- “No charges have been filed against the cops. All of the officers involved are still employed by the department.” [Christina Carrega, New York Daily News on nearly $1 million award to Oliver Wiggins, unsuccessfully framed for DWI after police car ran stop sign and crashed into his vehicle]
- Founding-era views of duty-to-retreat vs. stand-your-ground might be more complicated than you think [Eugene Volokh]
- The trial penalty “is among the most important features of America’s criminal justice system, and yet there is no reference to it in the Constitution” [Clark Neily, Cato]
- Attitudes on law enforcement now function as culture war rallying point and vehicle of identity politics on both sides [Dara Lind] Good news on officer safety: “Line of duty deaths this year approached a 50-year low” [Ed Krayewski]
- SWAT deployment and police militarization — in rural Western Massachusetts [Seth Kershner, Valley Advocate] Trump still wrong on this issue [Eric Boehm]
- Would it be easier to address America’s high rate of fatal shootings by police if the focus were allowed to slip off race for a moment? [Conor Friedersdorf]
- Neighborhood police checkpoints employed in West Baltimore for several days in November, yet in 2009 DC Circuit, via conservative Judge Sentelle, found them unconstitutional [Colin Campbell and Talia Richman, Baltimore Sun; Elizabeth Janney, Patch]
- What should be done to address rising crime rates? Federalist Society convention panel video with Dr. John S. Baker, Jr., Heather Childs, Adam Gelb, Hon. Michael Mukasey, George J. Terwilliger III, moderated by Hon. David Stras;
- In Collins v. Virginia, Supreme Court has opportunity to reaffirm that home is truly castle against police search [Cato Daily Podcast with Jay Schweikert and Caleb Brown]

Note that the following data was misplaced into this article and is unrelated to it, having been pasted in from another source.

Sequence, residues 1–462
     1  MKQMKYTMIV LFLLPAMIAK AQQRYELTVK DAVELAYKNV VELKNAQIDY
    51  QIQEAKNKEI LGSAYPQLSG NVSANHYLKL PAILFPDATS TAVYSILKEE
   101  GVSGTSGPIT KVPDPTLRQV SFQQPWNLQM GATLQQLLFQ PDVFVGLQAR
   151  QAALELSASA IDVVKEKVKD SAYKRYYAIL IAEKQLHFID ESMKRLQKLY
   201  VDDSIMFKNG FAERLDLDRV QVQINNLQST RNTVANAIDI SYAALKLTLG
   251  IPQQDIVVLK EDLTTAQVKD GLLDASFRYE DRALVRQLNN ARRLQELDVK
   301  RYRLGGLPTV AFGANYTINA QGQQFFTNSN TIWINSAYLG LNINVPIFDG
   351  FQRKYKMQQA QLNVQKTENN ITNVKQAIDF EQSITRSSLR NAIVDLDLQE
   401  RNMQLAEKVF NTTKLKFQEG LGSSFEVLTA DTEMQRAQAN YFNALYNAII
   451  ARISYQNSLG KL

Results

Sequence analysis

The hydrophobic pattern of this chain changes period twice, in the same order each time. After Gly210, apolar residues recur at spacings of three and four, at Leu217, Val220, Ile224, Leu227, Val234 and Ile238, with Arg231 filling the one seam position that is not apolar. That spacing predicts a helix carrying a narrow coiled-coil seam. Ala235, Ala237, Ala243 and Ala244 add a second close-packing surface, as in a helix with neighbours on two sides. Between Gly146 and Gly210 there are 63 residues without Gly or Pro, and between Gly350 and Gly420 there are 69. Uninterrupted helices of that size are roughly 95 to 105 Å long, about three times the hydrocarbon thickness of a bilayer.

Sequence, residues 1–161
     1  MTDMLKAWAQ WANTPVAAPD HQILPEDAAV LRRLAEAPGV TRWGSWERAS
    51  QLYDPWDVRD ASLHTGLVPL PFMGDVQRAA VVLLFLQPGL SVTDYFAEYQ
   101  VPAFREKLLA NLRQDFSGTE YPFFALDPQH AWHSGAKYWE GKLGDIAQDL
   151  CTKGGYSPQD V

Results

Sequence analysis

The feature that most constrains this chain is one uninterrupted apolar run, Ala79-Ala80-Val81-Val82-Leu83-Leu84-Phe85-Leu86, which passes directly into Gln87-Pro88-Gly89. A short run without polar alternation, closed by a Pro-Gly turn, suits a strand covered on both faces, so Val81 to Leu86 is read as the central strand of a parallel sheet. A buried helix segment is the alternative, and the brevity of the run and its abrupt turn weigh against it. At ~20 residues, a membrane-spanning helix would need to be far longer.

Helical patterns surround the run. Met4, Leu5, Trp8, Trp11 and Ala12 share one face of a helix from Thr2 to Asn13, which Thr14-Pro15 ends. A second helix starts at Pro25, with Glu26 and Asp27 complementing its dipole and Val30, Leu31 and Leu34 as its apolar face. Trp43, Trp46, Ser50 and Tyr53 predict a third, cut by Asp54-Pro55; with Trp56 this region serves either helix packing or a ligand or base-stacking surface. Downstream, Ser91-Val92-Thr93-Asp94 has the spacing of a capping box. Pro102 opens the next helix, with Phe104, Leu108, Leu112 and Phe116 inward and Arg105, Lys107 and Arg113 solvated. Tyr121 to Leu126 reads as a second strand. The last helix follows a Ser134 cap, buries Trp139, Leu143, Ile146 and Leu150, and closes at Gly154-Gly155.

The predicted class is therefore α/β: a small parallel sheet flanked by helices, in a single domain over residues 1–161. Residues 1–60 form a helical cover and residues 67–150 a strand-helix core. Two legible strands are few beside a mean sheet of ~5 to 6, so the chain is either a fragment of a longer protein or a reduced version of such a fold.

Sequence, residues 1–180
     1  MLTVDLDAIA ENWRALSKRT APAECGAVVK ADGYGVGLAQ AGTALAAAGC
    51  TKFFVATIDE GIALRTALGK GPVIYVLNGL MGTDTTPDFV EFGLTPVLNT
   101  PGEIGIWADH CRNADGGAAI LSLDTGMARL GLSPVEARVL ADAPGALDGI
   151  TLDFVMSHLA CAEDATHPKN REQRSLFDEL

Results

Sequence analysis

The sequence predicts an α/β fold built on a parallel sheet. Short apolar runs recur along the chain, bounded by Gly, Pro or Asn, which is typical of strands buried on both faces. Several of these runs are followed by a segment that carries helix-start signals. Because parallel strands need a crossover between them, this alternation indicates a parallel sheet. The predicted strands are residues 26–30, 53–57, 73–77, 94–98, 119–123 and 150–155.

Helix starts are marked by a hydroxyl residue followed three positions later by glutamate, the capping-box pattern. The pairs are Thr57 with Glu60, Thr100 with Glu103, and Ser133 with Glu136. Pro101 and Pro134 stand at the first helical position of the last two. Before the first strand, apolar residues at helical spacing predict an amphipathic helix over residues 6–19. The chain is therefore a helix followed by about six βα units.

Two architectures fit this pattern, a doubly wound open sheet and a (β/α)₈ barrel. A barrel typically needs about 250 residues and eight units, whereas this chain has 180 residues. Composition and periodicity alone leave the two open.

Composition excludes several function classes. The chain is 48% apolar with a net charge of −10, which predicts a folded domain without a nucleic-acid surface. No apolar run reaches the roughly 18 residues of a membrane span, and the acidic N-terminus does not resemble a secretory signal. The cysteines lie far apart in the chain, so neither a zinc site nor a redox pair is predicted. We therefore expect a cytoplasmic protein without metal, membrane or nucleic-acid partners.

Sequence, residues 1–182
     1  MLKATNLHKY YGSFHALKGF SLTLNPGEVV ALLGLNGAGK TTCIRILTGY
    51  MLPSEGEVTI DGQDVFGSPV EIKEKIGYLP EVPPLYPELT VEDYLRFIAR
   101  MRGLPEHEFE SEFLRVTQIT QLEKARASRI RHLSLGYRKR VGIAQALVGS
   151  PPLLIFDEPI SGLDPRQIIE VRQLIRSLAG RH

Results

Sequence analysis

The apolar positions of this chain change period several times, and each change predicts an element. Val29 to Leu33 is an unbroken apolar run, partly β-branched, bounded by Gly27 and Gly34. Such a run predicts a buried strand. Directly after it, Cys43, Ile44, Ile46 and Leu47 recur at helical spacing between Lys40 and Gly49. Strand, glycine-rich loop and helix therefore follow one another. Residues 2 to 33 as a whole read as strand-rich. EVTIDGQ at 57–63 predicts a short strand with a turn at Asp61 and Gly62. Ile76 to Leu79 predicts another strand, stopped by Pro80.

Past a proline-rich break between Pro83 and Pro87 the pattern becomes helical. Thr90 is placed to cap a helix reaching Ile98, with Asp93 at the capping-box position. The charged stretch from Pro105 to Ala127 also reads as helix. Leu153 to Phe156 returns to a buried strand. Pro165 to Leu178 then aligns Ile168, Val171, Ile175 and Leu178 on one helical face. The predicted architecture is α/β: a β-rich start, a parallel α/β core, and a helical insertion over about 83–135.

Act I: In a widely read Nov. 15 piece in Atlas Obscura, Priya Krishna reports on “the quest to save Baltimore’s Berger Cookie,” a beloved local food institution. “One of the most essential ingredients in the Berger Cookie is trans fats. Trans fats are what make the chocolate super creamy, prevent the fat and the water in the dough from separating (which would yield an overly crumbly cookie), and keep the cookie stable in both very warm and very cold settings.” However, the Obama administration enacted a federal ban on trans fats — for your own good, you know — which goes into effect next year.
Cookie producer Charlie DeBaufre, interviewed by Krishna, “refers to the past year as ‘frustrating and scary,’ as so many of his trans fat-free experiments have been failures. ‘I have spent $10,000 trying to get this worked out. I am not a big business. I don’t have an R&D Department. I have to shut down production for a few hours, still pay people for labor, and then most of the product gets trashed. It’s tough.'” More background in a piece I wrote for Cato last week.
Act II: Then a twist, reported by Sarah Meehan in the Baltimore Sun Nov. 21: the fudge supplier had managed to replace trans fats months ago and didn’t tell Berger’s. While early attempts to reformulate fudge frosting without trans fats had suffered from various quality defects, the new recipe was much improved to the point where neither consumers nor Berger’s had noticed.